The Status Quo Preference in Conflict Resolution (in German: Der Status quo als Maßstab der Konfliktlösung), 2006, forthcoming in: Konflikt, Macht und Gewalt in polit-ökonomischer Perspektive, ed. by B. Neumärker, Metropolis.
Is secession an appropriate way of resolving interior conflicts or should internationally recognized borders be sacrosanct in conflict resolution? This paper focuses on cases where the lack of a commitment technology is the cause of a conflict. If there is no credible commitment regarding future policies inefficient conflicts may emerge. If after an initial shock the parties to the conflict expect their relative strength to remain permanent, it may be possible to overcome the commitment problem by devising a contract or a constitutional arrangement. If relative strength varies or if the gains to deviating are sufficiently great, there is no straight-forward way of solving the commitment problem.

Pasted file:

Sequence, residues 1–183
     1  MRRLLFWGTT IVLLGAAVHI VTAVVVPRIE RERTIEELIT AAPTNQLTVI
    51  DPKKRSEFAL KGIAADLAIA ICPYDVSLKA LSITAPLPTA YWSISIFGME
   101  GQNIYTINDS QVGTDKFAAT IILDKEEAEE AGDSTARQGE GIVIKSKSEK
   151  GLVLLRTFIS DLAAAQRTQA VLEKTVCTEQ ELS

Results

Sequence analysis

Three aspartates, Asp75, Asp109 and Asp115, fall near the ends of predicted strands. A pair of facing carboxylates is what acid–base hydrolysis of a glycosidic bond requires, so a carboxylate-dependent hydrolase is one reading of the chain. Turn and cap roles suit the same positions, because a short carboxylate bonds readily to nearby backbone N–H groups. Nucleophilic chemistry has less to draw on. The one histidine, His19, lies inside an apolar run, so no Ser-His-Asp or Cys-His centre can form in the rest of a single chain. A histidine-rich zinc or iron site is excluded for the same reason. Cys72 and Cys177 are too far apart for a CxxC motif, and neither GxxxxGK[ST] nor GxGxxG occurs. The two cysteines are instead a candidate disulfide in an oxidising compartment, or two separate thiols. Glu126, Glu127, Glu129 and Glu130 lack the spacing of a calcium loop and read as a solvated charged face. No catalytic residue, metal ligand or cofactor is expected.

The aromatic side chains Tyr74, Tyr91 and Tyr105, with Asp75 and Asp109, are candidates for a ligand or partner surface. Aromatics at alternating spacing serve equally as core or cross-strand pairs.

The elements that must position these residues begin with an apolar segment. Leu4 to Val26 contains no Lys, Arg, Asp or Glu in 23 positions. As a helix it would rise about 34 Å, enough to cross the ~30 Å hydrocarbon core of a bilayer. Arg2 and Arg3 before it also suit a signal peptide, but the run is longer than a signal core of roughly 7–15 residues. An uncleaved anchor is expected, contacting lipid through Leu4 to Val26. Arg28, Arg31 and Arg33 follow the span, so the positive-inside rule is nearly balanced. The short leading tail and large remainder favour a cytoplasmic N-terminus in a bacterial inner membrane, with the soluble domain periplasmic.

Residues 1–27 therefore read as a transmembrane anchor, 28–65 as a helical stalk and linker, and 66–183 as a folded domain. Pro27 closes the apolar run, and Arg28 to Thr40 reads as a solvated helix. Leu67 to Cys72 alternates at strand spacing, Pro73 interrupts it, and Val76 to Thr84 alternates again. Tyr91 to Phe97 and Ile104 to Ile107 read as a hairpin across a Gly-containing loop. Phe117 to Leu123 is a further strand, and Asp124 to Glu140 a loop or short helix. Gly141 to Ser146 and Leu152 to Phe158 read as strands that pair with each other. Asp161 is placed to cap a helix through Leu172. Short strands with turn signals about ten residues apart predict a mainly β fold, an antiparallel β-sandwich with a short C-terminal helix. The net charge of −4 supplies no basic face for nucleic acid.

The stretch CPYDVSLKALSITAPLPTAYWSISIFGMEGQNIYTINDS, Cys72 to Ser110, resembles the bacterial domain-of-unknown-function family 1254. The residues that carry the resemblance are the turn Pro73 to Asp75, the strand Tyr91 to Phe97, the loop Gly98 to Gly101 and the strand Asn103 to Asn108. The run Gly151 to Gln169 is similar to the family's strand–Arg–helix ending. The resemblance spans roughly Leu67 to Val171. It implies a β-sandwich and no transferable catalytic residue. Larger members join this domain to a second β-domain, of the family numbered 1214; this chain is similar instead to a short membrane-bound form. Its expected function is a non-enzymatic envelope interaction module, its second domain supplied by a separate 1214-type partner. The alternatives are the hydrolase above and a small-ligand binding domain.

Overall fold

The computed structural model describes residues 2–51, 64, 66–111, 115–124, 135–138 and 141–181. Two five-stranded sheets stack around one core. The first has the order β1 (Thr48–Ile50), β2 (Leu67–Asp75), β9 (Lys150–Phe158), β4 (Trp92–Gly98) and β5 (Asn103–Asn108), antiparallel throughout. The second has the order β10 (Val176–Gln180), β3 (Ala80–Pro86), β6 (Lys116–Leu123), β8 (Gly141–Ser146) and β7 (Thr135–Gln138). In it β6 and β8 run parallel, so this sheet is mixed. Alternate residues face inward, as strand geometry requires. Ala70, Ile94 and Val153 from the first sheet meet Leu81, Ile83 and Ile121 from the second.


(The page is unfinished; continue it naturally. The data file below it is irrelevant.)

Short Term Power Asymmetries as Cause of Internal Conflict
In the presence of short-term power asymmetries between conflicting parties stable bargaining solutions may not be available. This is true even if the pay off structure of the conflict game is otherwise stationary. We argue that such power asymmetries are likely in conflicts over secession where the union is in a strong position before the outbreak of conflict. A prediction of the model is that if the present value of combined expected fighting costs is sufficiently small, persistent fighting is an equilibrium of the game. Our analysis may offer a rational explanation for such conflicts as the Kosovo war.LINK